The blank, pale, emotionless mask matches Dr. Loomis’ description of the child he met so many years before and who he tried so desperately to reach a breakthrough with until all that was left to do was protect the public from what he suspects is truly a monster. By now, everyone has heard the infamous mask was crafted from a Captain Kirk mask purchased for exactly $1.98 in cold hard cash. Although the final version matches a vague description of it in the screenplay, Carpenter and Hill admit they had no idea what the mask should look like and that they’d know it when they saw it. The production designer, Tommy Lee Wallace, displayed two choices, one of which would have changed the “face” of Michael Myers forever. The alternative to the Shatner mask was that of a clown, continuing the creepy motif donned by the six-year-old Myers on the night he killed his sister so many years before. It’s hard to say whether this would have been as effective. Certainly, there’s no way to know if it would have reached the iconic status of its pale white brethren, but if the film kept its status as one of the most profitable independents of all time, there’s no doubt the clown would have given nightmares to millions long before Pennywise from Steven King’s "It".

The mask underwent several changes throughout each installment of the saga, but most notable are Halloween II and H20. In II, they used the same mask from the original. However, having been stored under Debra Hill’s bed in the years between films, it yellowed. It seems Hill was a heavy smoker and Dick Warlock’s head was much wider than Nick Castle, who played Myers before. The general appearance of the mask was altered, significantly.

The aesthetic of the mask in H20 is probably the weakest part of an incredibly satisfying sequel. Arguably, I, II & H20 are the trilogy the franchise will leave as its lasting legacy. The “H20 Mask Controversy,” as it has come to be known, stems from creative differences between the director and producers, which resulted in different masks being brought onto set. Each had a different goal of re-shooting certain scenes with certain masks. Once again, too many visions and not one captain lead this ship to look very different in many shots. It’s a small detail to most, but we, the fans, notice every little one.


It has been said that expressionless mask is frightening because your subconscious can project whatever it wants onto it. Critics and fans alike have taken their own interpretations of subtext and forever state it as fact instead of just going to the source – John Carpenter. The most infamous is that Halloween is some sort of morality play instead of just a movie trying to make you look under the bed and lock your windows. The most famous is the theory that the virgin lives simply because she is pure and the other promiscuous girls are somehow punished. As if a teen having sex, smoking pot and drinking in the 70’s gets what they deserve. Not only would that have included the entire cast and crew, but most everyone in the country. Did I mention IT WAS THE 70’s?! Preposterous!, say Carpenter and Hill. They explain that Laurie escapes not for moral reasons, but she is simply less burdened with boys and sex due to shyness and awkwardness and, therefore, notices more around her than her friends who go through the day like normal teenagers. Besides Tommy Doyle and Laurie, the entire town of Haddonfield has closed the door (and its eyes) on that ugly chapter back in 1963 and is more than happy to ignore all signs of something afoot in the fields and backyards of their little slice of Americana.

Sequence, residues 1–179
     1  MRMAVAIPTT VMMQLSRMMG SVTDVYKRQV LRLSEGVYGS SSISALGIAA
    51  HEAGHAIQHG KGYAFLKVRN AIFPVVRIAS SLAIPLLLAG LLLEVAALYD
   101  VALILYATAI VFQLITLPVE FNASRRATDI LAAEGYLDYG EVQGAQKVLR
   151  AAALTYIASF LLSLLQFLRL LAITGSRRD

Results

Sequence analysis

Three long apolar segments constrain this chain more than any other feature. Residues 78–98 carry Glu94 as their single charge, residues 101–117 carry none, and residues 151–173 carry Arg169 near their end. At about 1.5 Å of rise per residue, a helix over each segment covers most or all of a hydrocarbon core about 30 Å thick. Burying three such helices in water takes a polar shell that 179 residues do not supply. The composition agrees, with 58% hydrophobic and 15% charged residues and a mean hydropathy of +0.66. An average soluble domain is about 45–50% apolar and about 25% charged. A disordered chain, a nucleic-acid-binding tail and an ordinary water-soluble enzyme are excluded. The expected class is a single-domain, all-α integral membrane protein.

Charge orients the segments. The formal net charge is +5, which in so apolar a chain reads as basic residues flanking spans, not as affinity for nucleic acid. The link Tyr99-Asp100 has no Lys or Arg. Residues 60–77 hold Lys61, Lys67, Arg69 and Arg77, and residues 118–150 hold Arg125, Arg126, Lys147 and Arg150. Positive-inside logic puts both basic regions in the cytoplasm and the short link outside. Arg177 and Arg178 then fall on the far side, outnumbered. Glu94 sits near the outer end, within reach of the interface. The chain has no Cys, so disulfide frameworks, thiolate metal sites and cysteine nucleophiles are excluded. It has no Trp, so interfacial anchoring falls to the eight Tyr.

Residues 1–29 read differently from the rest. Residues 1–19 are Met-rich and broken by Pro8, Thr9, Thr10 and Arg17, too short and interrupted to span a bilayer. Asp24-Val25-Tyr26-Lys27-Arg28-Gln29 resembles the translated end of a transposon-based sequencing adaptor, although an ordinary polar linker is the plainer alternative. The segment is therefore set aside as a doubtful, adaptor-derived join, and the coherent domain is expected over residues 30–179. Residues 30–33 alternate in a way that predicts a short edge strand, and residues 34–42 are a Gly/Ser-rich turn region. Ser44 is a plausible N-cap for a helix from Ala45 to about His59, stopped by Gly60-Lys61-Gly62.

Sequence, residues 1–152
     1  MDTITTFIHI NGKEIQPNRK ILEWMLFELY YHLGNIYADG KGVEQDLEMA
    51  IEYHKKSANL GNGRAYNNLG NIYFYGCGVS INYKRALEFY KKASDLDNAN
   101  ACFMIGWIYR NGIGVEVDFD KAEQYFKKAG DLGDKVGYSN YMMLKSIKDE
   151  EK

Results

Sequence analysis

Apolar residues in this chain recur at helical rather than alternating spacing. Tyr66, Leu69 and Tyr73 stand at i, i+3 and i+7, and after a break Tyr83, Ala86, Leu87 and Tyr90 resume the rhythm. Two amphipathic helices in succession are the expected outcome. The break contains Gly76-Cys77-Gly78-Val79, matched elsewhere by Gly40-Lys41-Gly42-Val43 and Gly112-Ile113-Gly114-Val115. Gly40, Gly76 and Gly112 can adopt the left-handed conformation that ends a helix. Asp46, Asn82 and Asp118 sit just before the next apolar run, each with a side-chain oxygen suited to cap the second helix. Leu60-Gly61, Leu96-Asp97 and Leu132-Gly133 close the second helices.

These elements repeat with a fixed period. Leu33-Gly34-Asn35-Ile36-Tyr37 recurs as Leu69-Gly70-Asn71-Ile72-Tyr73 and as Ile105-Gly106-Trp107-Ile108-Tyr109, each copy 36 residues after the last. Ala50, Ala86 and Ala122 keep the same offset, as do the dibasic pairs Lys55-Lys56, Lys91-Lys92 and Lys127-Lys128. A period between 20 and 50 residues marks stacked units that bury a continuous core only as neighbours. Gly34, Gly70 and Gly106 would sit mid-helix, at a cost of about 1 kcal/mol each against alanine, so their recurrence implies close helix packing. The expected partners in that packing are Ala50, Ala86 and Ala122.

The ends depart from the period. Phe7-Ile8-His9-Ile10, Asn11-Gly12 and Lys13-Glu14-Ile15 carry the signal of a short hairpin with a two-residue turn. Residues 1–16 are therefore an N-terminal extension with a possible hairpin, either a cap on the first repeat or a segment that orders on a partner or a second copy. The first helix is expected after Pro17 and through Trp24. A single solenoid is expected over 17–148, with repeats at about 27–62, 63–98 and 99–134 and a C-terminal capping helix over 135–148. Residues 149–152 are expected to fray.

In the biggest twist of all, the entire modern horror film, specifically the slasher movement, has taken this “rule” and used it as dogma. With the fact that Halloween is pure suspense and not slasher/ gore, it is almost cringe-worthy to hear that it started the slasher craze without any elaboration beyond that and, most certainly, isn’t worthy of the respect it damn well deserves.


If critics and early audiences are any indication, it looks like things will be coming full circle on October 19th. 40 years later, Blumhouse Productions has teamed with die-hard fanboys David Gordon Green, Danny McBride, and Jeff Fradley to bring us the simply titled Halloween (2018). This direct sequel to the original (kind of a different Halloween II) sees Jamie Lee Curtis reprising her iconic role of Laurie Strode and the triumphant return of John Carpenter serving as creative consultant and once again, composer of the deliriously creepy score. Nick Castle, the original Myers, even dons the now weathered mask for a few crucial shots. High expectations are difficult to keep at bay with this line-up and the early critical declarations aren’t helping fan’s enter the theater with a healthy “OK, scare me.” attitude. Fingers crossed that this high budget installment will satisfy our craving for October’s greatest Boogieman.
Pictured above is the writer of “Halloween: Behind the Mask - A Look at the Franchise” Sean Owens in the same location, today, as Jamie Lee Curtis in the original film. Sean is at the Strode House in South Pasadena, CA. Follow Sean on Instagram for his further adventures!